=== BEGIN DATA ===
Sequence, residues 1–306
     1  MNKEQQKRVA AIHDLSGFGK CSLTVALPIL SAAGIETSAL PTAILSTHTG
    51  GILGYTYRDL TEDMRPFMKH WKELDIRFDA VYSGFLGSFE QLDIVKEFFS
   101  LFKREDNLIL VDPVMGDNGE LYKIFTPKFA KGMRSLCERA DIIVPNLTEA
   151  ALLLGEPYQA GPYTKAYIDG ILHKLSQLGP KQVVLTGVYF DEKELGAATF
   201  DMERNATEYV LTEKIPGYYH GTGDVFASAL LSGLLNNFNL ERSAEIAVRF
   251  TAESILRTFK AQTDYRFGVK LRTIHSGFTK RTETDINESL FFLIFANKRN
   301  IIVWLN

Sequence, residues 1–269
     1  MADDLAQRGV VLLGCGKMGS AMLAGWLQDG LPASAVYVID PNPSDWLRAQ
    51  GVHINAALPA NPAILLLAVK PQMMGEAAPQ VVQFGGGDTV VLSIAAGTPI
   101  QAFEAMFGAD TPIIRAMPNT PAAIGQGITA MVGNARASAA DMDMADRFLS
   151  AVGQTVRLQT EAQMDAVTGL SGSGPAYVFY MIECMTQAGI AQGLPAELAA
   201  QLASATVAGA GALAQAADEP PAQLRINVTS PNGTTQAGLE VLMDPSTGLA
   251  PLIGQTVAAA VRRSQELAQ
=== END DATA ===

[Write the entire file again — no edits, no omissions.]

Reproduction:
Sequence, residues 1–306
     1  MNKEQQKRVA AIHDLSGFGK CSLTVALPIL SAAGIETSAL PTAILSTHTG
    51  GILGYTYRDL TEDMRPFMKH WKELDIRFDA VYSGFLGSFE QLDIVKEFFS
   101  LFKREDNLIL VDPVMGDNGE LYKIFTPKFA KGMRSLCERA DIIVPNLTEA
   151  ALLLGEPYQA GPYTKAYIDG ILHKLSQLGP KQVVLTGVYF DEKELGAATF
   201  DMERNATEYV LTEKIPGYYH GTGDVFASAL LSGLLNNFNL ERSAEIAVRF
   251  TAESILRTFK AQTDYRFGVK LRTIHSGFTK RTETDINESL FFLIFANKRN
   301  IIVWLN

Sequence, residues 1–269
     1  MADDLAQRGV VLLGCGKMGS AMLAGWLQDG LPASAVYVID PNPSDWLRAQ
    51  GVHINAALPA NPAILLLAVK PQMMGEAAPQ VVQFGGGDTV VLSIAAGTPI
   101  QAFEAMFGAD TPIIRAMPNT PAAIGQGITA MVGNARASAA DMDMADRFLS
   151  AVGQTVRLQT EAQMDAVTGL SGSGPAYVFY MIECMTQAGI AQGLPAELAA
   201  QLASATVAGA GALAQAADEP PAQLRINVTS PNGTTQAGLE VLMDPSTGLA
   251  PLIGQTVAAA VRRSQELAQ